At the press conference on Parliament Hill in advance of the International Day for the Eradication of Poverty Oct. 17 are, from left: Joe Gunn, Leilani Farha (at microphone) Tim Richter, Laura Neidhart, Stephan Corriveau and Anglican Bishop John Chapman. (Photo by Art Babych)
OTTAWA (CCN) — On Oct. 17, the International Day for the Eradication of Poverty, 80 groups in more than 30 communities across Canada called for a national anti-poverty strategy.
They called for comprehensive plan based on human rights and fully funded in the next federal budget, through participating in the fifth Chew on This! campaign to call attention to the estimated 850,000 people who visit a food bank each month, and the 4.8 million Canadians who live below the poverty line.
“Canada needs to develop at all levels a plan to address poverty,” said Citizens for Public Justice (CPJ) executive director Joe Gunn. Chew on This! is organized by the Dignity for All Campaign, a joint venture of CPJ and Canada Without Poverty.
The campaign included 22,000 lunch bags containing a snack such as an apple, a magnet, and a postcard saying “We Need a Plan to end poverty, food insecurity, and homelessness in Canada.”
Gunn and a team from CPJ were on Parliament Hill handing out lunch bags and encouraging passers-by to mail the postcard to Minister of Families, Children and Social Development Jean-Yves Duclos.
To help equip the groups who took part, CPJ published its annual October analysis of Canada’s poverty levels in Poverty Trends 2017.
Based on the latest Statistics Canada figures from 2015, the report shows one in seven Canadians, or 4.8 million people, live in poverty.
“It allows people to have a snapshot in mind of what poverty looks like when handing out a postcard or an apple,” Gunn said.
Most people in Canada think of poverty in terms of the “urban poor man sleeping homeless on the streets,” Gunn said. “The report points out most poor people are actually working,” but at “precarious jobs,” with few hours, with no benefits and no protections.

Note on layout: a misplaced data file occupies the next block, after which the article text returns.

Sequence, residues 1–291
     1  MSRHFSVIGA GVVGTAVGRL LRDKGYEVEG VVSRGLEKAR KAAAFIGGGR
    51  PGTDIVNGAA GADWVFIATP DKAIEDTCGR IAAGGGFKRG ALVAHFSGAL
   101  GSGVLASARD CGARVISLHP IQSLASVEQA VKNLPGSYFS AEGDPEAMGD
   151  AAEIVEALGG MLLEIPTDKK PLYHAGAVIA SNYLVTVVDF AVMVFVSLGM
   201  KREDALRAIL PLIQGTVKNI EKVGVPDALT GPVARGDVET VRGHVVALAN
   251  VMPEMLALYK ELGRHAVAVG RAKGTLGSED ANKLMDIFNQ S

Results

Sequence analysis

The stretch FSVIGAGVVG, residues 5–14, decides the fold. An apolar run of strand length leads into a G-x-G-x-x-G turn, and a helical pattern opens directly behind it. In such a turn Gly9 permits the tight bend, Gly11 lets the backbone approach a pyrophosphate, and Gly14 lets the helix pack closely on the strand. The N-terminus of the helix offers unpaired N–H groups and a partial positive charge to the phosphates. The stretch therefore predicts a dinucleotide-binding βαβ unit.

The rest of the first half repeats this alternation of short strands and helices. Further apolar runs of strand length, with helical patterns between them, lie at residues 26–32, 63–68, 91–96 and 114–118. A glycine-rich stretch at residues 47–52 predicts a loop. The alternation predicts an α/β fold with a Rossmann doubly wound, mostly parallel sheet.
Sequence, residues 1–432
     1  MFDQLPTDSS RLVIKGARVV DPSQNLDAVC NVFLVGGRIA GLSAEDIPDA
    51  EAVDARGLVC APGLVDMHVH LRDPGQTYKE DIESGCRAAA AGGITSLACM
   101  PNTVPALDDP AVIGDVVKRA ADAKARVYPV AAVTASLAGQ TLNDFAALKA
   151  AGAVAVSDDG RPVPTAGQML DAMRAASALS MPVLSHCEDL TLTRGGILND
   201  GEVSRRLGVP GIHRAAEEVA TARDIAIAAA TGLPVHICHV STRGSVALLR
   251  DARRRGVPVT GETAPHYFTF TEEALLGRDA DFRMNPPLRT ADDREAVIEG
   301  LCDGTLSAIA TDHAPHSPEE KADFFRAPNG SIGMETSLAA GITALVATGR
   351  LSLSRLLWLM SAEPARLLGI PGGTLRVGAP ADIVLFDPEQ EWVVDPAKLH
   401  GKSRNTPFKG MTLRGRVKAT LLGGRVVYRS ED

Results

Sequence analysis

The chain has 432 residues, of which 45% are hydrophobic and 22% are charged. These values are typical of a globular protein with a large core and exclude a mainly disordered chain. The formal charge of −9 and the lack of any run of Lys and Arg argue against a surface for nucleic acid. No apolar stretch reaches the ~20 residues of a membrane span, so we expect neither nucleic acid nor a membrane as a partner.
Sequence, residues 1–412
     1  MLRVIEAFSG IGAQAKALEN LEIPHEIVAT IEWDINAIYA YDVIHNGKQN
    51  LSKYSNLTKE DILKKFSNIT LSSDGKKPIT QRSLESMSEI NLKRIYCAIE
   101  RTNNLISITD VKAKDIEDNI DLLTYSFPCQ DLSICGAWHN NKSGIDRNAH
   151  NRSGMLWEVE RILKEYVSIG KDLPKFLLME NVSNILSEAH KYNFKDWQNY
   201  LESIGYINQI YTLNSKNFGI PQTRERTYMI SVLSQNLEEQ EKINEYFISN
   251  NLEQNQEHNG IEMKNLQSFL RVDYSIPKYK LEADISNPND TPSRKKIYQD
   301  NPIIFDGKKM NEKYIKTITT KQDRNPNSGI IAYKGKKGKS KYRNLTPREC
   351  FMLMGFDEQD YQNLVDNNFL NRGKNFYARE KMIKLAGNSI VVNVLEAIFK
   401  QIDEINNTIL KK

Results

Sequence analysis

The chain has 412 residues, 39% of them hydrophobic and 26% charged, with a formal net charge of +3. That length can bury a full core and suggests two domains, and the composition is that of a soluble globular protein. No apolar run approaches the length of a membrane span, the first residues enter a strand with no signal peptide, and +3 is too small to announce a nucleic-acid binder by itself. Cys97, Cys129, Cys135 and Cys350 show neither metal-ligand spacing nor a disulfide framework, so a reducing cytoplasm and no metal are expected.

“Certainly anyone working full time in all provinces of Canada but on minimum wage would be counted as living in poverty,” Gunn said.
The CPJ report showed 70 per cent of those living in poverty are working poor. “Youth 15-24 and women are over-represented in precarious work, along with racialized people, indigenous people, immigrants, people with disabilities, and older, working-age adults,” the report says.
“Child and family poverty persists at high rates, particularly in single-parent households (32.4 per cent), in spite of a commitment made in Parliament in 1989 to end child poverty in Canada by 2000,” the report said. Single-parent families are often led by women.
The report showed 25.3 per cent of Canada’s indigenous people live in poverty as “part of the continued legacy of colonization” including the “legacy of residential schools, forced migration and intergenerational trauma.”
It noted the desperate need for safe water and housing in some indigenous communities, as well as the high rates of food insecurity, especially in the North. In Nunavut 46.8 per cent of the predominantly Inuit population experiences food insecurity, the report said.
Twenty-three per cent of people with disabilities aged 25-64 live in poverty, the report showed. Refugees and refugee claimants are also vulnerable to poverty once sponsorship and government supports end, it said, noting “34.2 per cent of new immigrants and refugees live in poverty.”
“Chew On This! provides an opportunity to reflect on poverty issues in Kingston and across Canada,” said Tara Kainer, of the Sisters of Providence of St. Vincent de Paul’s Justice, Peace and Integrity of Creation Office, in a release. The Sisters of Providence in Kingston, Ont., joined groups from Vancouver to Yellowknife to St. John’s in the campaign to “raise awareness about poverty’s impact on health, income and food insecurity, precarious jobs and unemployment, as well as the lack of affordable housing and the need for quality early childhood care and education,” Rainer said.